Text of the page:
Prosecuting Earthquake Scientists

I’m sorry for putting a blunt point on it, but what f-ing moron decided it would be appropriate to prosecute the Italian scientists for failing to predict the L’Aquila earthquake that happened in 2009? Here is the news article which I couldn’t believe when I read: 

These poor seismologists, who have to have been mortified that they were not able to predict this thing anyway, are being prosecuted for not predicting the L’Aquila earthquake that claimed hundreds of lives in Italy.

Maybe I’m an incredibly naive American but I thought that most of the European governments were fairly reasonable or at least less litigious than American society has been of late. And then here comes this article. My first thought is that it is being prosecuted by some morally bankrupt a$$$$le trying to make his or her legal career at any cost. I don’t know the details of the suit.

What I do know is that if we are going to prosecute seismologists for not predicting an earthquake, while knowing that seismologic methods for earthquake prediction are at best educated guesses that are often wrong, then go ahead and jail meteorologists for failing to predict the recent tornados, doctor for failing to predict their patients getting the flu, traffic light engineers for people getting in accidents. While we’re at it, go ahead and round up all the psychics in every country too, since they claim with more self-assurance than scientists ever do, that they can predict the future. Where were they during the days leading up to the earthquake? Notably silent. Why? Because so far, there is no accurate prediction, and unless people spend their days neurotically cycling between storm shelters, gas masks and duct taping their windows, they are never going to be prepared for everything at every moment, unless we all turn into a society of obsessive mental cases.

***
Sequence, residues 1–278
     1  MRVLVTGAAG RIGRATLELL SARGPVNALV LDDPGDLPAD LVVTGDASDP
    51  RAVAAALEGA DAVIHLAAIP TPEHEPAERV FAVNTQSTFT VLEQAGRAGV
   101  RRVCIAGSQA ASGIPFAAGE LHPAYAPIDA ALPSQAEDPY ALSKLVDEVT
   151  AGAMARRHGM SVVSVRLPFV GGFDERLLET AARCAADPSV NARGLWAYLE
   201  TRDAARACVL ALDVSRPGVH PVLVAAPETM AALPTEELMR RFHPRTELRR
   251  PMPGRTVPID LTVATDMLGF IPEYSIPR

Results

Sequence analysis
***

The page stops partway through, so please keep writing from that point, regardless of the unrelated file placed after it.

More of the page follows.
People should always be aware of the hazards that can occur in their area, and prepare for them as best they can. If you live in a flood zone, get flood insurance. If you live in a tornado zone, know how to shelter and know the most likely signs, etc. But people in these areas are overall not dumb enough to assume that science is able to solve their preparedness problems because it never has. They prepare the best they can, and then go ahead and live their lives.

Scientists like this strive to get data that will benefit the world someday, if not today. And they regularly get shat on because so many people in society, particularly politicians, are incapable of seeing the long view or even past their own terms of office, and don’t want to fund anything that doesn’t give them instant gratification. As a result, scientists, overall, are forced to dance and jump through hoops of fire to get funding for their research, which includes putting up with any garbage that gets dumped on them. This makes them easy and expedient political targets for blame, rather than mobilizing the society to pull together and respond to its own problems caused, not by science but usually by political mismanagement.

I think, frankly, that if any government is foolish enough to cripple the scientific community by prosecuting them for doing their best in a precarious field, then the seismologists should go on strike, everywhere. I think that would send a clear message that if their toil is not going to be appreciated, and if in fact it is no longer safe to work in these scientific fields without risk to their freedom and welfare, then the government can just figure out how to get the scientific benefits they so cavalierly take for granted, themselves. Suits like these jeopardize the motivation needed to entice people into scientific fields which already offer little benefit to the scientists except for pure intellectual and ethical gratification. For the truly dedicated crusader of science, this is still often enough. But I think a line needs to be drawn in the sand that these brain trusts need to be protected, or ultimately the pursuit of knowledge which will benefit us in the long run will die out.


One Response to “Prosecuting Earthquake Scientists”

  1. If we prosecute those who study and try to learn, where will that leave us?

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